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Tuesday, December 22, 2009


The tragic death of a 26-year-old caver in Utah on Thanksgiving confirmed my long-held feeling: Cavers are nuts. Of course, many cavers likely say the same thing about climbers. When I tried caving the first time last summer, I got a lesson in perspective and humility that gave me a lot more sympathy for people who are afraid of heights.

My own fear is claustrophobia. It's not a severe case, but it's bad enough. I first noticed it years ago during a big snowstorm in the Adirondacks, with three of us crammed into a two-man tent. As the walls pressed inward, I felt discomfort rising to panic, and I had to open the door to let fresh air wash over my face—and fresh snow fill the tent. My claustrophobia has gotten slightly worse over time, and now snow caves and squeeze chimneys may give me serious concern. Sometimes on a cold night, with my mummy bag zipped up tight, I'll wake and go into a panic, grasping for the zipper.

I wasn't a prime candidate for caving.

Yet I'd always wanted to try it. I loved the various tourist caves I'd visited—no problem for me in those vast chambers. And if it weren't for my claustrophobia, I knew I'd love caving: the climbing aspect, the feeling of exploration, the strange geologic forms. It was all me. And so when my wife and I visited friends in southwest England last summer, and they offered to take us into a famous local cave, I had to sign on.

People have been exploring Swildon's Hole for more than a century. It's the biggest known cave in the Mendip Hills. The rock inside is polished smooth from thousands of hands and boots, and the floor is clear of obstacles. Our host, a friend and local caver named Steve Cosh, had been inside Swildon's dozens of times. He used to lead youth groups through the cave (we borrowed our headlamps, helmets, wellington boots, and spiffy jumpsuits from his old boss). Swildon's has some serious caving, including many underwater passages, but we weren't going that far. How bad it could be?

Pretty freakin bad. Swildon's has a tiny hut atop its entrance, which is like a manhole with a short ladder. At the bottom of the ladder, the passage turns horizontal and narrows to the point where you have to squirm on your back or stomach. I was third in our party of five, and as soon as I got into the narrows, the old familiar panic began to rise. I squirmed back again, bumping into the feet of a friend, which only made it worse. I've got to get OUT! I shouted. Back on top, I told the others to go ahead. I might or might not follow.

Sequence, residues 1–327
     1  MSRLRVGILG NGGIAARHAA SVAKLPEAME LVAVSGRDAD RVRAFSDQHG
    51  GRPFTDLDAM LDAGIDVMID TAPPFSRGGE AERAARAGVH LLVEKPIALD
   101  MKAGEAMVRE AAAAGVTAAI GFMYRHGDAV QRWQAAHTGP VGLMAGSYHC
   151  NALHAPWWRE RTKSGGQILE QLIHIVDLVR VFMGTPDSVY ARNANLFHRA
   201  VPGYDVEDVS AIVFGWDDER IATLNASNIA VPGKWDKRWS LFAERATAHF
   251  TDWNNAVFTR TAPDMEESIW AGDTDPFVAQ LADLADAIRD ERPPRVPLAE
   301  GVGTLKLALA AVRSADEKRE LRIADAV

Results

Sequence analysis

After a moment, I decided to try again. Going last helped. I could still see a glimmer of daylight as I shimmied through that initial passage, and I rationalized that I could always escape, with no one to block my way, if things got bad. My wife and friends were just ahead, encouraging me to follow. The passage was wider now, and I could scurry along on my feet, ducking under the ceiling. But then it narrowed past crawling size again—mandatory belly or back scraping. It was only 10 or 15 feet, and I could hear Steve talking to me from the other side. "Once you're through this one, it gets bigger for quite some time," he said, as if talking to a 14-year-old from one of his hoods in the woods programs. "Just give it a try. If you don't like it, you can go back out."

I was ready to go back out. But I also really wanted to continue. I narrowed my focus to the wall beside me, to the rivulets of water on the limestone, the strange knobs and tendrils of rock. Slowly, I felt my breathing slow, the panicky feeling subside. I decided to go for it. I squirmed through to Steve, and he smiled and pointed the way ahead. "No way," I said. "You go first—I've got to be last in line.

We were underground nearly two hours, exploring Swildon's upper passages. We clambered up and down drop-offs and through streams running along the floor. We climbed down and then back up a eight-foot waterfall. We had to boulder up through a hole named the Toilet Bowl. It was fascinating and beautiful, and at times even fun. My claustrophobia never got too severe after the initial panics, but it was always there, just under the surface, ready to rear up and smother me. I was glad to have entered Swildon's, but I was also very glad to get out.

Walking back to the car, Chris, my wife, was hopping with enthusiasm. She had loved it, couldn't wait to go again. "You're on your own, honey," I told her. Once was enough for me.

At times, I've been known to grow impatient with gripped climbers or with friends who are spooked by heights on a mountain scramble. What is wrong with them? I'll think. But now that I've felt a little taste of what they must be feeling, I hope I remember it the next time I'm with an acrophobe. Neither claustrophia nor acrophobia is an irrational fear, after all. And, of the two, acrophobia has more power to preserve one's life. But caving still seems nuts to me. Get me back to the airy perils of cliffs and ice falls.

In the photo: Yup, that's me, smiling for the camera, but not because I'm enjoying myself. OK, maybe just a little.... Photo by Steve Cosh 


Friday, December 18, 2009

Probably Not the Best Screw


Wednesday, December 16, 2009